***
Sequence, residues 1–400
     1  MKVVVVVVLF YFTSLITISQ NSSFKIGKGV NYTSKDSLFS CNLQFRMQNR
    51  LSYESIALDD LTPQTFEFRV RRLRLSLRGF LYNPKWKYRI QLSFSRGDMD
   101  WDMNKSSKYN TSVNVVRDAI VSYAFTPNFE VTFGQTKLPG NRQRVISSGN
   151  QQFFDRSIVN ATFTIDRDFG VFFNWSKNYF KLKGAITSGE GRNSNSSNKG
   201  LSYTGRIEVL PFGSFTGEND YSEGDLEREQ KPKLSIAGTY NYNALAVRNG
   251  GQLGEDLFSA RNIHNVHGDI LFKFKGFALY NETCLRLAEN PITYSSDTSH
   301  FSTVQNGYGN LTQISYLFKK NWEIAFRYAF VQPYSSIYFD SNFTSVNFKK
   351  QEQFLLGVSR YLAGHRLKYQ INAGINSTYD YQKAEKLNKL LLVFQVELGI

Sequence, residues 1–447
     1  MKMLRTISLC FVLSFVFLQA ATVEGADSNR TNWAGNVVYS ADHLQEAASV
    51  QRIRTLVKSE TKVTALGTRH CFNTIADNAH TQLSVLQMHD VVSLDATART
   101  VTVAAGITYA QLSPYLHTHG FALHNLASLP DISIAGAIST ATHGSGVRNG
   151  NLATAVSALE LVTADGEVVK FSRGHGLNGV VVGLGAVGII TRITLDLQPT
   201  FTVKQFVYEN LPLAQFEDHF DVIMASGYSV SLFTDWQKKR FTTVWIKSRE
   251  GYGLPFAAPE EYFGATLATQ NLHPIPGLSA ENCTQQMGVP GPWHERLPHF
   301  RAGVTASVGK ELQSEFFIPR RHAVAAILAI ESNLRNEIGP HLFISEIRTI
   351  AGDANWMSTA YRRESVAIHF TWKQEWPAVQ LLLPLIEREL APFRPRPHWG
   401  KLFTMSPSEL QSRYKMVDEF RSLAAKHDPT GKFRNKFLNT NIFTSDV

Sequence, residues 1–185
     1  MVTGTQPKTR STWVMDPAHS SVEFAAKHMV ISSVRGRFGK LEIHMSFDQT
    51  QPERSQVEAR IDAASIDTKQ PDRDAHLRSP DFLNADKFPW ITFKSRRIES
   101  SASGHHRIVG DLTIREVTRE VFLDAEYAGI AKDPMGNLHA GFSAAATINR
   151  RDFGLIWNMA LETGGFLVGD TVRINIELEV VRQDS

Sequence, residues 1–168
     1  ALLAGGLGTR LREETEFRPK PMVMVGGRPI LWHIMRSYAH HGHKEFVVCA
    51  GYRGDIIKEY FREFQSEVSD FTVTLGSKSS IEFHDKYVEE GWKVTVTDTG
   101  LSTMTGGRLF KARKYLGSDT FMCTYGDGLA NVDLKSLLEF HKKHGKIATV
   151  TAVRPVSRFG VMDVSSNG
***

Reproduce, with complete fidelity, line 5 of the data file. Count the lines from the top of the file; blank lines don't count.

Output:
   151  QQFFDRSIVN ATFTIDRDFG VFFNWSKNYF KLKGAITSGE GRNSNSSNKG